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Shop Displays - Psychology of Shopping

There seems to be two types of psychology applied to the interior design of shops, one is intentional, the other is accidental. The shop owner will want to dress and light their shop to attract their target clientele. This might be the young and fashion-conscious, country folk, or senior citizens. But by targeting the clients in this way, they are also deterring, or repelling the opposite end of the shopping demographic. This will, of course, be their decision. They expect their business and profit to be gained solely from the clients they plan to attract, effectively foregoing any potential business from the shoppers that sit outside of their business spectrum. No shopkeeper will physically turn clients away at the door, but the way they design the interior of their premises, they might as well.

Most of us go about our shopping knowing the shops we like and those we do not and will steer clear of. How much of this decision is pre-made for us because we are part of some subliminal filtering system?

As an older shopper, there are certainly shops that I consider 'No Go' areas, where one can feel intimidated by the impression that, 'you are too old to be here'. The dull lighting and heavy music is certainly a good deterrent. One might be forgiven for thinking that we live in a world like that depicted in the film, 'Logan's Run' - where all citizens over a certain age are disposed of.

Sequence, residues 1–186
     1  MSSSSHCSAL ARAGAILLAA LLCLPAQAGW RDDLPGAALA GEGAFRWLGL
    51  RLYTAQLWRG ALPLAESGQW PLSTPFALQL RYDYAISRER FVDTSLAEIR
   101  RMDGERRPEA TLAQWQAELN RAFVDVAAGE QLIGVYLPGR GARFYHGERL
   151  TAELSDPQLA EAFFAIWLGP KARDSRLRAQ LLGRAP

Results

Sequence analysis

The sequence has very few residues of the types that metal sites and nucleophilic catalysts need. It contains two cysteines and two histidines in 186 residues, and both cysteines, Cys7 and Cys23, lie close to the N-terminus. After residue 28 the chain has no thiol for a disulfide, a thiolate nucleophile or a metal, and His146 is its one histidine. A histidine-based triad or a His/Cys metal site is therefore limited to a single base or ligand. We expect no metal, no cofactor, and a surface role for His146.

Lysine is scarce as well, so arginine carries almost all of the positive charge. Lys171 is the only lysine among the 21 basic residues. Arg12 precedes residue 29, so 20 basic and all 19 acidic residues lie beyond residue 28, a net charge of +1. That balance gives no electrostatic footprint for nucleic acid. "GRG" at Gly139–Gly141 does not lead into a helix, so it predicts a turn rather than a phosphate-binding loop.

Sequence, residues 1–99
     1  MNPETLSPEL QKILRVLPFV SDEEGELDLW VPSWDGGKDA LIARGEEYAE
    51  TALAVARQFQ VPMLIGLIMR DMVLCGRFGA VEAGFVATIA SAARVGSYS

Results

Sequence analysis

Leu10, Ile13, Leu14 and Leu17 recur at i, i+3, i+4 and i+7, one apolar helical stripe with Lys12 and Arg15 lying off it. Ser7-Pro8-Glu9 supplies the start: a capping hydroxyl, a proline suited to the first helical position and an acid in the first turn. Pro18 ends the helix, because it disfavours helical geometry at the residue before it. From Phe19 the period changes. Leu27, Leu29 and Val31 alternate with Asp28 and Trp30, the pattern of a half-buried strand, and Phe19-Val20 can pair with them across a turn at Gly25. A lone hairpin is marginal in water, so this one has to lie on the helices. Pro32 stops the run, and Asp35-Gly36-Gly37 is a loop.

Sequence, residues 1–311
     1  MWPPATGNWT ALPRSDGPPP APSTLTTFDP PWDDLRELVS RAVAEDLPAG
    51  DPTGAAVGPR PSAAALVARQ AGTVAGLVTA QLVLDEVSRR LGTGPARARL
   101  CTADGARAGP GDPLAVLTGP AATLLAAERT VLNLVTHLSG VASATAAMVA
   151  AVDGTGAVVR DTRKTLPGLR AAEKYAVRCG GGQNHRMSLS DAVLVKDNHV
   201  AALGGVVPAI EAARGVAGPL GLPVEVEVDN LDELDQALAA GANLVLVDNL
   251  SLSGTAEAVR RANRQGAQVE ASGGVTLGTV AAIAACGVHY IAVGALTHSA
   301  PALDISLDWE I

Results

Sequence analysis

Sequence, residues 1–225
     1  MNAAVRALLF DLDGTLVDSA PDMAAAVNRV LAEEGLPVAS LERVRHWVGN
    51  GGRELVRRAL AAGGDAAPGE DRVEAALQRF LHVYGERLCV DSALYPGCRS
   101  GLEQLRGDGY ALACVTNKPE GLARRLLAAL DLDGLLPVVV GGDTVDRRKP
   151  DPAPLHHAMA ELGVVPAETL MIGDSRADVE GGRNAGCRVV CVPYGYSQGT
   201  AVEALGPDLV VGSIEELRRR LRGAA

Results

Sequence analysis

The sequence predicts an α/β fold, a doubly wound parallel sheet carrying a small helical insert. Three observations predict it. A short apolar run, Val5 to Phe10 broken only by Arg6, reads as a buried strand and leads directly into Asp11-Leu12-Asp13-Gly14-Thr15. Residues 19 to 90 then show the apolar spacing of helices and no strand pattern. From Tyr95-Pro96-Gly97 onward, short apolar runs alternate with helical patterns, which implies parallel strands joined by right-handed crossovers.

An example of this might be a high-street chain that sells young fashion - it usually has an interior that is usually dark, with spotlights pointing out key shop displays, and garish colour schemes that match the colours of the stock - all accompanied by the latest Garage or Hip-Hop beat playing loudly throughout the store. What would be the impact on their image if a senior citizen were to walk in! But, supposing that senior citizen is young-minded and wants to get advice from the store and buy their young niece, nephew or grandchild something up to date and now, instead of the old knitted sweaters that we were always given as kids?

With a store effectively filtering out certain sections of the public, are they affecting their business future? Using the example above, the number of young people in the UK is, according to the media, on the decline and the numbers of senior citizens set to increase over the coming years. At some point will the young fashion store have to change tack and broaden its range of stock to begin attracting a wider demographic through its doors? As these young fashion shoppers grow older, will they move away from 'their shop', and move on to other, more traditional stores, or will they stick with 'their brand' and expect the shop to bring in older style ranges?
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